Share Facebook Twitter Google + LinkedIn Pinterest In an effort to protect horses and other livestock in Ohio, the Ohio Department of Agriculture (ODA) is not allowing the import of horses from counties within states with confirmed and suspected cases of Vesicular Stomatitis (VSV). This restriction includes the All American Quarter Horse Congress, which is scheduled to begin in Columbus on Oct. 1.“VSV has not been detected in Ohio and we are taking every precaution possible to keep it that way,” said ODA State Veterinarian Dr. Tony Forshey. “With the All American Quarter Horse Congress coming, we thought it was important to restrict further movement to prevent the disease’s potential spread.”VSV is a viral disease that primarily affects horses, but can also infect cattle, swine, sheep, and goats. The disease causes blister-like lesions, which burst and leave open wounds. It is extremely painful to animals and can result in the inability to eat and drink and even lameness.VSV is highly contagious, with biting insects being the most common method of transmission. Humans can also contract VSV by coming into contact with lesions, saliva, or nasal secretions from infected animals. In people, the disease causes flu-like symptoms such as fever, muscle ache, headache, and nausea.Currently, VSV has been detected in Colorado, Nebraska, New Mexico, Oklahoma, Texas, Utah, and Wyoming with confirmed or suspected cases in specific counties across those states. A current list of suspect and confirmed cases can be found in the U.S. Department of Agriculture’s weekly situation report.For more information on the disease, visit the USDA’s VSV resource page.
NRL Touch Football is excited to announce the head coaches for the Roosters 2019 NRL Touch Premiership teams.Australian Mixed Open head coach Mick Lovett will lead the female program and Youth World Cup-winning coach Dave Nolan will take the reins of the men.TFA in conjunction with our newly appointed head coaches will now start a search for suitable support staff including assistant coaches before commencing the process of selecting teams.As the current Australian Mixed Open head coach and being Melbourne-based, Mick Lovett is the logical choice to lead our Roosters women’s team. TFA looks towards ensuring a pathway for alliance coaches as well as players so there will be a focus on finding assistant coaches from our Alliance states to support these teams.Pictured below: Dave Nolan (left) and Mick Lovett (right) at the Touch Football 50th Anniversary Dinner, December 2018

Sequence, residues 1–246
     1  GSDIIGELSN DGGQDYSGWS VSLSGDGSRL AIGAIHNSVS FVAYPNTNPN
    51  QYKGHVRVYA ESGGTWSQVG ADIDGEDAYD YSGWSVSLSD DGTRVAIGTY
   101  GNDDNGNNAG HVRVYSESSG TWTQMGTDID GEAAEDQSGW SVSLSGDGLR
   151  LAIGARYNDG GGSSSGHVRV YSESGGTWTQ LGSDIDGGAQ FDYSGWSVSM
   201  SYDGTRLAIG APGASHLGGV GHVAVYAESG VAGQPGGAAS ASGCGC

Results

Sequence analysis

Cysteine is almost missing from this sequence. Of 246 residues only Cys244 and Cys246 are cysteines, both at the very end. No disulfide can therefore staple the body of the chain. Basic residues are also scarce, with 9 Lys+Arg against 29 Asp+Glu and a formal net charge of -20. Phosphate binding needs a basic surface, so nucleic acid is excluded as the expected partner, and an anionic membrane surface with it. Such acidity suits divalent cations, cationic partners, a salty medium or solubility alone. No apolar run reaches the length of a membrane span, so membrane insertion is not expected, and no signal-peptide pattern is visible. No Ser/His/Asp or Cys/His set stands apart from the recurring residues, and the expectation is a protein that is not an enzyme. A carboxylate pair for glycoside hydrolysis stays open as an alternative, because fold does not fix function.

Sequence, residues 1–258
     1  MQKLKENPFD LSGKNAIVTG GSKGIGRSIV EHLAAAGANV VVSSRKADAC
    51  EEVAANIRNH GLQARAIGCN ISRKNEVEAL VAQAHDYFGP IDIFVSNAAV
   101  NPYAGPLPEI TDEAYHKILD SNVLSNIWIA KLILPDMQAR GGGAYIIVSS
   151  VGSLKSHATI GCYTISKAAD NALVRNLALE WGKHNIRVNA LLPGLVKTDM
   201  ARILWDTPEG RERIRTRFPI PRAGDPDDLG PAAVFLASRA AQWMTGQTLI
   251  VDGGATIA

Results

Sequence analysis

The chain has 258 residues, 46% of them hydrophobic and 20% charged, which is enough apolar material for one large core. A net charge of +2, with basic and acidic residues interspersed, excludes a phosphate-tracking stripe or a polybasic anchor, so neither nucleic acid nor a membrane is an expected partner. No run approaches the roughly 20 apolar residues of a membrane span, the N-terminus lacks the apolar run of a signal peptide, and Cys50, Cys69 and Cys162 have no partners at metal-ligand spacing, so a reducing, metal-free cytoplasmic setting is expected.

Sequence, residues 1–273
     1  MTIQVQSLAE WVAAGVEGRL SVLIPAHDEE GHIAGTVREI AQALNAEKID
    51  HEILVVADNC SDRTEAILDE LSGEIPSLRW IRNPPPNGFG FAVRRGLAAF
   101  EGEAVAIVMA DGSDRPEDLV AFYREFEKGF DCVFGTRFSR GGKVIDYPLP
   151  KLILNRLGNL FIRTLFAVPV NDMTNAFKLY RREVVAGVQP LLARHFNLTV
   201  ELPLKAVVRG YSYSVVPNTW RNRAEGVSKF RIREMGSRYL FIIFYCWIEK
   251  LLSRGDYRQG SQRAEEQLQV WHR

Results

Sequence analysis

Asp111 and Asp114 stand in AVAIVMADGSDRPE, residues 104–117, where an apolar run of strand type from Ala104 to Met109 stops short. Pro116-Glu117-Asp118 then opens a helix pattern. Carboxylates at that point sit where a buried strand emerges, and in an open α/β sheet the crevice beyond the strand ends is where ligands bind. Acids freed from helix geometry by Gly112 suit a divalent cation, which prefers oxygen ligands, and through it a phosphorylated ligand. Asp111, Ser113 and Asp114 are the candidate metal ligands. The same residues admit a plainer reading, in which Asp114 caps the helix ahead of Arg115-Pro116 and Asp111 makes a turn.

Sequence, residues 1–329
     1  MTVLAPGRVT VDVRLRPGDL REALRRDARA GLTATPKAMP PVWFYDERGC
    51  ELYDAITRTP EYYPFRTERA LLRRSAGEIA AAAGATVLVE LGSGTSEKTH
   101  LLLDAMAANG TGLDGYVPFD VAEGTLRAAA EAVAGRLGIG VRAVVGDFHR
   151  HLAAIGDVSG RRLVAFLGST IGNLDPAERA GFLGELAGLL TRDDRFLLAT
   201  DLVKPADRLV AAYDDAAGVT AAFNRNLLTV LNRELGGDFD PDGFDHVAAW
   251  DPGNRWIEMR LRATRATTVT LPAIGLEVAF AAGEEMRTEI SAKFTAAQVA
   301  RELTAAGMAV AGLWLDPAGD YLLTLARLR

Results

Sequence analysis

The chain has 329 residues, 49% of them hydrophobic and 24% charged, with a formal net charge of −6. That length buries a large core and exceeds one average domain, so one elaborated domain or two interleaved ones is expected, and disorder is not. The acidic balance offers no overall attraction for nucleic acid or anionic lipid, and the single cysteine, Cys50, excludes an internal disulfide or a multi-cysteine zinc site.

WASHINGTON — White House releases details of Iran nuclear deal amid calls for transparencyThe White House has released a summary of the deal reached between six major world powers and Iran to curb its nuclear program. Iran has denied it wants to use the program to eventually build nuclear weapons but agreed to scale it back after the international community applied strict financial sanctions.It allows Iran to continue research and development on its nuclear centrifuge technology, announcing the conclusion of technical talks on the implementation of an interim deal pausing Iran’s nuclear program. The deal, signed in Geneva in November, is to go into effect on Monday and to last for six months while Iran and the P5+1 – the United States, United Kingdom, France, Russia, China and Germany – attempt to negotiate a comprehensive agreement to end the long-standing crisis.The agreement is seeking to hold the most advanced parts of Iran’s nuclear program in exchange for an easing of western economic sanctions on Iran. Iran has accepted to halt 20 percent of enriched uranium until January 20 and start diluting half of its uranium stock of which 20% was already enriched, according to the deal.The White House summary said a “Joint Commission” had been established by experts from Iran, P5+1 countries and the EU as well as the International Atomic Energy Agency (IAEA) to monitor the implementation of the agreement. Some of the limited and temporary easing of sanctions against Iran will include the release of $6 billion in relief which is a small part of total $100 billion that will still be restricted.The Undersecretary of the US Secretary of State Wendy Sherman has informed the lawmakers regarding the details in a closed meeting. Some congress members said the plan is already increasing their concerns. Republican senator Lindsey Graham, known as the most critical of Obama administration’s foreign policy claimed “I am more worried than ever after the briefing,” IAAE has asked to keep the technical details secret, according to White House spokesman Jim Carney.